• The Irreverent Lawyer 2014.2.5 at 12:21 | Quote

    The commercial was over the top but no reason to get upset about it. Methinks some of the criticism borders on envy over its widespread publicity and unanticipated buzz value. Casino generated a lot more of that than what he paid for — pretty good ROI. And while the cheesy B-movie content can be deemed artistically questionable, I would hardly call the production value “atrocious.” For good or ill, the guy spent some serious money to get a different look and feel. If you’ve ever seen his past commercials as I have, then you would have been familiar with his style and ‘taste’ in advertising. His Super Bowl ad follows suit in its exaggerated entertainment presentation. And as for a criminal lawyer now doing PI? Give me a break. With all due respect to your practice area, Eric, like ham and cheese, peanut butter and jelly, a lot of criminal defense types add PI work to easily complement their practices. A criminal lawyer getting into PI? Earth-shattering. He’s not splitting atoms you know. Moreover, most lawyers in and out of personal injury know that the overwhelming preponderance of injury cases are settled not tried. Casino hasn’t decided to practice water law, do securities work or dispense advice on ERISA. Many of us wouldn’t advertise like he does but that hardly demeans lawyers that he does. Tasteful accident lawyer advertising is oxymoronic.

  • Eric Turkewitz 2014.2.5 at 13:49 | Quote

    A criminal lawyer getting into PI? Earth-shattering. He’s not splitting atoms you know.

    I disagree. It would be like me trying a criminal case and familiarizing myself with a massive body of constitutional law. Sure you can switch over, as I noted, but that doesn’t mean you are instantly good at doing the other stuff.

    Moreover, most lawyers in and out of personal injury know that the overwhelming preponderance of injury cases are settled not tried.

    I always assume a case will go to verdict. It is the only way to prepare. And if your head says settlement instead of verdict, then you are likely to take 40 cents on the dollar because you weren’t ready when the judge sends you out to pick that jury.

    Tasteful accident lawyer advertising is oxymoronic.

    Try this one, this one or this one.

  • Kevin Perez 2014.2.5 at 15:48 | Quote

    Was this attorney advertising or a movie preview for Ghost Rider #3 or The Terminator #5? This ad tells a tale of redemption of a criminal defense attorney who lived the good life and all of its trappings defending the criminally accused or the “villains.” Then one day he decides that due to his outrage of his brother’s murder and the shame and self-loathing of explaining to his son what he does for a living that instead of going after the “villains” by joining the DA’s office, lobbying the Georgia legislature to toughen the penal code, being an advocate for victim’s rights, he opens a personal injury firm. I guess the pay is better. He then takes the “villains” blood money and purchases a 2 minute spot on the Super Bowl showing his transformation from a slick well groomed clean shaven morally compromised attorney into a scruffy bearded bad ass Avenging Angel with the sledge Hammer of Christ. As an attorney who has been practicing PI law for most of my professional career, I have a problem with an attorney who throws his prior clients under the bus along with the whole criminal defense bar. I always believed, along with the 6th amendment, that even the “villains” deserve a competent defense attorney and I never viewed these attorneys who defend them as “notorious” or as the bad guys. I have friends in Legal Aid and its a thankless and tough job that deserves praise not condemnation. As per the style of the commercial, taste is in the eye of the beholder but for me it seems that he was going for a heart felt sincere message but because it was over the top it appeared comical and transparent. It’s not envy to criticize an attorney who demeans his prior clients and an entire bar otherwise its just another amusing attorney commercial to me.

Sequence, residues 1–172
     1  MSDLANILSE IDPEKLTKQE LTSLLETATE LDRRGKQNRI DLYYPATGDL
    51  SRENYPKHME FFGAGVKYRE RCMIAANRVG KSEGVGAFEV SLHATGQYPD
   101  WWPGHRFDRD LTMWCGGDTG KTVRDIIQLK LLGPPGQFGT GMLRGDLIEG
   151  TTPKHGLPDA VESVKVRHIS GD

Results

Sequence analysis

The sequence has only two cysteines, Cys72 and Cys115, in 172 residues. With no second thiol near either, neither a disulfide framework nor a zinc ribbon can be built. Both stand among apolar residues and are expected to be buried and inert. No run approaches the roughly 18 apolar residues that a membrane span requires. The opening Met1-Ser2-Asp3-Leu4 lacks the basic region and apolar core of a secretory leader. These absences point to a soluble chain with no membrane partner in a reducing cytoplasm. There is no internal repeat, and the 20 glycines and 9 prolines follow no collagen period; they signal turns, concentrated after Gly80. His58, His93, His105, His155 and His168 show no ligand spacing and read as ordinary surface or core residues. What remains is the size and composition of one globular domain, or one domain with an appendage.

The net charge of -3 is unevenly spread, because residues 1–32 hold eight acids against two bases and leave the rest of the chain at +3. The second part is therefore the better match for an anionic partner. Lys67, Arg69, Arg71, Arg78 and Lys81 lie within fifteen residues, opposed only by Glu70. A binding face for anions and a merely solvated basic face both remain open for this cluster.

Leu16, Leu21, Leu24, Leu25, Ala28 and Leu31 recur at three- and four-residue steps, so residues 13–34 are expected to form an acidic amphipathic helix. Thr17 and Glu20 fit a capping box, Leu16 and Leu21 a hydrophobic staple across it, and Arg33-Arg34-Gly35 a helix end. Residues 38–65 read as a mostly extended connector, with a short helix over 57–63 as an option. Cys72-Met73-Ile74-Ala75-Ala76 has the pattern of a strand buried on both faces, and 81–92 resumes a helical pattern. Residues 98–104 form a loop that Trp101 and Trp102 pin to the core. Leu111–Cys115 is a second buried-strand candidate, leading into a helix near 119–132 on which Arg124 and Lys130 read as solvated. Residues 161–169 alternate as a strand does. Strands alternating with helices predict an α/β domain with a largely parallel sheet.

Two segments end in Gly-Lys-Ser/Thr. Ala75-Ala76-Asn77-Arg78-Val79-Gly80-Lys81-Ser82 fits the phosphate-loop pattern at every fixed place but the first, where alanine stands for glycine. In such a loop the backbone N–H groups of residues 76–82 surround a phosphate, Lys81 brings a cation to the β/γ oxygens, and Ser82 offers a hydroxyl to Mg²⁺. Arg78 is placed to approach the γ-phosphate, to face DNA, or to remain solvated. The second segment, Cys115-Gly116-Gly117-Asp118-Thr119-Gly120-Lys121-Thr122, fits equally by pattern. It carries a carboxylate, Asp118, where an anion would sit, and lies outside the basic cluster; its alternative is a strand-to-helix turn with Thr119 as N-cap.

• Eric Turkewitz 2014.2.5 at 16:41 | Quote

    As an attorney who has been practicing PI law for most of my professional career, I have a problem with an attorney who throws his prior clients under the bus along with the whole criminal defense bar.

    I’m actually a bit surprised that the criminal defense bloggers haven’t criticized him for tossing them all under the bus.

  • Ken Shigley 2014.2.9 at 05:31 | Quote

    When I was president of the State Bar of Georgia in 2011-12 (before Jamie Casino’s brother was killed), I received many complaints from lawyers in Savannah about Casino’s highly unprofessional personal injury ads which held the profession up for ridicule. In one of those ads he featured shady looking figures that gave a Mafia-like impression and told prospective PI clients to “celebrate your settlement with a ride in the Casino limo!” That is just one of several. While our Board of Governors passed proposals to tighten disclosure and disclaimer requirements in lawyer advertising (which are still pending in our Supreme Court), the First Amendment protects commercial speech. Bars can require disclosures and disclaimers relevant to consumer choice, and can prohibit false and misleading statements in ads, but we cannot regulate taste.

    Casinos ads consistently have been distasteful and unprofessional. Every other lawyer in America can condemn such ads, but it appears that does not deter people like Jamie Casino from what they do.

  • Eric Turkewitz 2014.2.9 at 10:44 | Quote

    When I was president of the State Bar of Georgia in 2011-12 (before Jamie Casino’s brother was killed), I received many complaints from lawyers in Savannah about Casino’s highly unprofessional personal injury ads which held the profession up for ridicule.

    That’s interesting, because in the ad he says that he wesn’t always a personal injury attorney, but did criminal defense on behalf of “villains” and that after his brother’s death he turned to PI.

    So he implies it was his brother’s death that turned him to PI, when in fact, he was doing it all along?

    Isn’t that deliberately misleading (in addition to trading on his brother’s death)?